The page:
Now, many settlements and self-reporting may not be signs of "bad actors" but sloppy documentation. "Often under Stark Act, every relationship has to be in writing. You might pay someone call but you don't have it documented correctly. A lot of things are technical violations." Now, more large settlements result from self-disclosure to the government. Whistleblowers are also bringing suits forward regarding how — not whether — services were provided.

"Over the last decade, people have started to bring False Claims suits not about [billing for a service that wasn't performed,] but that an improper payment arrangement led to the provision of the service," said Mr. Becker.

Settlements for False Claims cases can be in the millions, even if for technical errors. The cost to fight a False Claims case and the potential damages are so great — often times in the billions — that hospitals and systems will often settle for several million. "By deputizing the whole world, the False Claims Act doesn't have just the government going after you. Anyone can come after you based on it. You need as strong a record internally as possible," says Mr. Becker.

3. HIPAA
Ms. Bushee discussed recent actions under HIPAA. "It's helpful to review enforcement actions," said Ms. Bushee. "It shows what areas the Office for Civil Rights is really focusing on in [HIPAA] enforcement. Here we see a focus on complying with security requirements."

February 2011: Massachusetts General Hospital in Boston was ordered to pay a $1 million settlement for the alleged loss of documents from a hospital's outpatient practice. The documents included personal health information for 192 patients.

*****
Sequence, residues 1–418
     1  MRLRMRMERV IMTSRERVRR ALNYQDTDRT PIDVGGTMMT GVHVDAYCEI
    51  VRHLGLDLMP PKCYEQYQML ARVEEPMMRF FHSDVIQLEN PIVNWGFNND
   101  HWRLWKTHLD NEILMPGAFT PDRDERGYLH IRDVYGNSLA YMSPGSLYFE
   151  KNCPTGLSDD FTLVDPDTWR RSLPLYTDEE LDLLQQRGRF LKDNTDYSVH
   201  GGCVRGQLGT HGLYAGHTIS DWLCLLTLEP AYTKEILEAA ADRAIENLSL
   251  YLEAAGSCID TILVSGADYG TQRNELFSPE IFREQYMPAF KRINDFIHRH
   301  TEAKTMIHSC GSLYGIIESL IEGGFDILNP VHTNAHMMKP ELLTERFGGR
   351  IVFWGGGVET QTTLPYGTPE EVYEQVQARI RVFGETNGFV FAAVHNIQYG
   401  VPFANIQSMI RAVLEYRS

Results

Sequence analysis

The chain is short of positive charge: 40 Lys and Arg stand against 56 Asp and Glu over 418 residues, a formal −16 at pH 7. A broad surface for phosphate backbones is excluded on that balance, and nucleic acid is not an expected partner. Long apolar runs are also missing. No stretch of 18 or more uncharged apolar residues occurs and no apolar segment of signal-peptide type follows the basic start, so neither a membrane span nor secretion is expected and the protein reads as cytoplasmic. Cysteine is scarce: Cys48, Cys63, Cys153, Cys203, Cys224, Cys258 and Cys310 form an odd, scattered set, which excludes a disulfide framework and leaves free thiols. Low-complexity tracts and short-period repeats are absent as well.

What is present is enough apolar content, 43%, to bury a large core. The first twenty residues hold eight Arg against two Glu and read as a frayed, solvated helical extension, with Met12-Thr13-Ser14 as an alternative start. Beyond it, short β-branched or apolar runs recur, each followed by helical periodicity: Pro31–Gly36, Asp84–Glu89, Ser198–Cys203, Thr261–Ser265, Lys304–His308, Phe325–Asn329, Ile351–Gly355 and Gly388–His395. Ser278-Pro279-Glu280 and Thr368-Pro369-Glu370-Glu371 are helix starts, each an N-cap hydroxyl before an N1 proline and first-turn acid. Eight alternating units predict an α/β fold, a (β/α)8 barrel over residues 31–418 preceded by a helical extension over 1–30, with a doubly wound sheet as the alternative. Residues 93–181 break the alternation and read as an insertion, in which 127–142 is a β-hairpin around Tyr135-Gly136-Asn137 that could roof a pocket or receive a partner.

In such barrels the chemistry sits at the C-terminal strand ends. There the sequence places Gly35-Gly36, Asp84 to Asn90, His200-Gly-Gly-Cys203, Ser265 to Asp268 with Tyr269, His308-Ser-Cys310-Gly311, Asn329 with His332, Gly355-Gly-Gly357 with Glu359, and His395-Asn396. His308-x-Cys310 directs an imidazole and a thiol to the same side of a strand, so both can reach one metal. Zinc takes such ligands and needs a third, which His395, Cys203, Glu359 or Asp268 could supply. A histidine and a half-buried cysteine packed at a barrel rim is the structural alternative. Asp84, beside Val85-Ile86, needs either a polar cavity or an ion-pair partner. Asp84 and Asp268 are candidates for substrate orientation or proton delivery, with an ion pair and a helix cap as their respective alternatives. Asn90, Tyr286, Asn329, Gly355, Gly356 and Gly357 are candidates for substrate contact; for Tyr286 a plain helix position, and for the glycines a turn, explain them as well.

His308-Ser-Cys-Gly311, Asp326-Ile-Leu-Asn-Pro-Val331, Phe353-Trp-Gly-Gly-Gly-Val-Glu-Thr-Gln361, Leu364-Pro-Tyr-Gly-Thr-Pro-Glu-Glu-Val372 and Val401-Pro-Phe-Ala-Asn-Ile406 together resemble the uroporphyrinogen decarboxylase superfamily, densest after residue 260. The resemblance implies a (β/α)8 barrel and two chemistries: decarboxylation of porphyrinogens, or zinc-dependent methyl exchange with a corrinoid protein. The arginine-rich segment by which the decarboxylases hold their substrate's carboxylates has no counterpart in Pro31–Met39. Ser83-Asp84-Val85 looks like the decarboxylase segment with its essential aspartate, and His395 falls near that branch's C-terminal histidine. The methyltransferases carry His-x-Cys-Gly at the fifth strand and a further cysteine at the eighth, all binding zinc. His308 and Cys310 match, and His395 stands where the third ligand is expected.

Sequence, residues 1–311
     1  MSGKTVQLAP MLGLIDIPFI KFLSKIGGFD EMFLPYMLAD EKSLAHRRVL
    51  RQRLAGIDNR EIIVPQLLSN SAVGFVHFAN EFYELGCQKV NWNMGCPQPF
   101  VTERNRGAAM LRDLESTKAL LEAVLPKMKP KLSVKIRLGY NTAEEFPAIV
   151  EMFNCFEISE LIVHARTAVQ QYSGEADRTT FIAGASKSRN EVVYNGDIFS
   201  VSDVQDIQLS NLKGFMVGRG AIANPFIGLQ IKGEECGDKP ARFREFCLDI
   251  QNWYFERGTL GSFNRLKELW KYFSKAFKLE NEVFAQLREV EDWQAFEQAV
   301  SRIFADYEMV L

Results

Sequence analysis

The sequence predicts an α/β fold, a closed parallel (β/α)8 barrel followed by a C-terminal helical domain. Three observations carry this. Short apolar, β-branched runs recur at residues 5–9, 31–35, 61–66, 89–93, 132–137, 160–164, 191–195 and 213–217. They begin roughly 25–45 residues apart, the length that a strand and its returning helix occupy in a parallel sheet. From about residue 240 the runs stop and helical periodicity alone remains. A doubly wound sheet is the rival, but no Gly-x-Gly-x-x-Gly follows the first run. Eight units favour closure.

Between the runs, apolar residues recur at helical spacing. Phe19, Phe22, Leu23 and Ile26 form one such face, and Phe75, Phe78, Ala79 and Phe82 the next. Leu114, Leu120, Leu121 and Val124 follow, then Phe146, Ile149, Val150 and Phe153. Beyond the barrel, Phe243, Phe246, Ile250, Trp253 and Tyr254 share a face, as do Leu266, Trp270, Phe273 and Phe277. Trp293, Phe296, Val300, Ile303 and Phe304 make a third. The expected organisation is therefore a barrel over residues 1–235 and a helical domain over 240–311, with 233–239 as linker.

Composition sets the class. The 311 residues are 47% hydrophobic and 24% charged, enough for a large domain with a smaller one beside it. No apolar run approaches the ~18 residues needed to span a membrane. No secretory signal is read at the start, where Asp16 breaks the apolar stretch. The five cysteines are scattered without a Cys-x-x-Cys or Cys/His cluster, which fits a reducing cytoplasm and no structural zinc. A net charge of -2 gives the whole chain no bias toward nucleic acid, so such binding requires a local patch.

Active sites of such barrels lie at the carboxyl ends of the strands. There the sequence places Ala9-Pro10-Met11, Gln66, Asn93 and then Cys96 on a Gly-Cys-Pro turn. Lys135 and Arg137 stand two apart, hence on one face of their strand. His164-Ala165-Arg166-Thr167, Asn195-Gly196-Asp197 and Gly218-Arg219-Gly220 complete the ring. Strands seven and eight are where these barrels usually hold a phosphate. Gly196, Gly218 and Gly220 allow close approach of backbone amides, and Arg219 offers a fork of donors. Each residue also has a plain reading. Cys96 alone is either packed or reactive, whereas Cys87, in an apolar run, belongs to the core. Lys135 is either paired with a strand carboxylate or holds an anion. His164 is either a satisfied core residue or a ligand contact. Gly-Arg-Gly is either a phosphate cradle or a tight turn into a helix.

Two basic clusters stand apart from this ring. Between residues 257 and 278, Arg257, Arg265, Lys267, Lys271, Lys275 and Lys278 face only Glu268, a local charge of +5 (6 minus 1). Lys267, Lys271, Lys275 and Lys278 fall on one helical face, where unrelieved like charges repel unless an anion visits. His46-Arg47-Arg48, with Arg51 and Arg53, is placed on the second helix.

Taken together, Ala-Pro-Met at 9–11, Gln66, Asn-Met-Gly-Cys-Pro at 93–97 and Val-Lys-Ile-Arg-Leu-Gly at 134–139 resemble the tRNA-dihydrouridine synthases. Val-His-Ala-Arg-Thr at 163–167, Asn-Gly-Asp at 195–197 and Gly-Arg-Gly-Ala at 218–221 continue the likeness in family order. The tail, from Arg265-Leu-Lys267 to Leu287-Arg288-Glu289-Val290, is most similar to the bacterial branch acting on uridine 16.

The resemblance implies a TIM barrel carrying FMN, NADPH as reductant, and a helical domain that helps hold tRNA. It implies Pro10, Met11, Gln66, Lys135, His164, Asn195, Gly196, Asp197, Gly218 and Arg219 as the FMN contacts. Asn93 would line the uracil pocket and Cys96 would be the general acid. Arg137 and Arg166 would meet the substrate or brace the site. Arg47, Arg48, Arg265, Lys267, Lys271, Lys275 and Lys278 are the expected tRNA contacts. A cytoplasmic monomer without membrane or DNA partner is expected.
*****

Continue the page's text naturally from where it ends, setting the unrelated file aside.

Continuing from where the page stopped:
July 2011: UCLA Health System was ordered to pay an $865,500 settlement for employees allegedly having unauthorized access to PHI of celebrity patients.

September 2012: Massachusetts Eye and Ear Infirmary in Boston was ordered to pay a $1.5 million settlement for the alleged theft of an unencrypted laptop, which included prescriptions and clinical information for 3,621 patients.

4. Compliance plans
Ms. Carnell closed the panel presentation by discussing seven key actions hospitals and healthcare providers should take to ensure their compliance plans are comprehensive and effective.

1. Perform regular internal audits.

2. Implement compliance standards. "This is having a real program with real standards, not a dusty binder on a shelf," said Ms. Carnell.

3. Designate a compliance officer. That compliance officer should be in all key meetings.

4. Conduct training and education. "Training should not be the initial hire and updates maybe once a year or for a new legal program. I like to put compliance reminders on clients' calendars," said Ms. Carnell. "Create a living, breathing program."

5. Respond correctly to potential compliance issues. "The person who comes forward with a compliance problem will be the first witness in a government investigation," said Ms. Carnell.

6. Open lines of communication. Every employee should feel as though they can be honest with and communicate openly with their managers or compliance. Employees should not fear retribution when reporting legal concerns.

7. Enforce disciplinary standards with guidelines.